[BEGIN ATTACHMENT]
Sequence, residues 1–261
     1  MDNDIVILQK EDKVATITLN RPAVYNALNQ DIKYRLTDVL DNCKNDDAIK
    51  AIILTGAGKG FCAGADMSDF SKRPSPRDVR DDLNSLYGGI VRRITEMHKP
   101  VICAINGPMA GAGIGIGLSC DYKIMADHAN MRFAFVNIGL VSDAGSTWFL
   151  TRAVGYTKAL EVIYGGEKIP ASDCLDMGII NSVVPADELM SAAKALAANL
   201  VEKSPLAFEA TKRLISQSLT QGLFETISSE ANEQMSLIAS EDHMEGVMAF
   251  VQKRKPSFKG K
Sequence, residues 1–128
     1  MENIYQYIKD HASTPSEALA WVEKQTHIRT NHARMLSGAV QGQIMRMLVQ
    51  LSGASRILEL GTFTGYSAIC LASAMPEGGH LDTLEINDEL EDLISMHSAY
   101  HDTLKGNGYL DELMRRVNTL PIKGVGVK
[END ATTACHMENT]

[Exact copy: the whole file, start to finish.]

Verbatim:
Sequence, residues 1–261
     1  MDNDIVILQK EDKVATITLN RPAVYNALNQ DIKYRLTDVL DNCKNDDAIK
    51  AIILTGAGKG FCAGADMSDF SKRPSPRDVR DDLNSLYGGI VRRITEMHKP
   101  VICAINGPMA GAGIGIGLSC DYKIMADHAN MRFAFVNIGL VSDAGSTWFL
   151  TRAVGYTKAL EVIYGGEKIP ASDCLDMGII NSVVPADELM SAAKALAANL
   201  VEKSPLAFEA TKRLISQSLT QGLFETISSE ANEQMSLIAS EDHMEGVMAF
   251  VQKRKPSFKG K
Sequence, residues 1–128
     1  MENIYQYIKD HASTPSEALA WVEKQTHIRT NHARMLSGAV QGQIMRMLVQ
    51  LSGASRILEL GTFTGYSAIC LASAMPEGGH LDTLEINDEL EDLISMHSAY
   101  HDTLKGNGYL DELMRRVNTL PIKGVGVK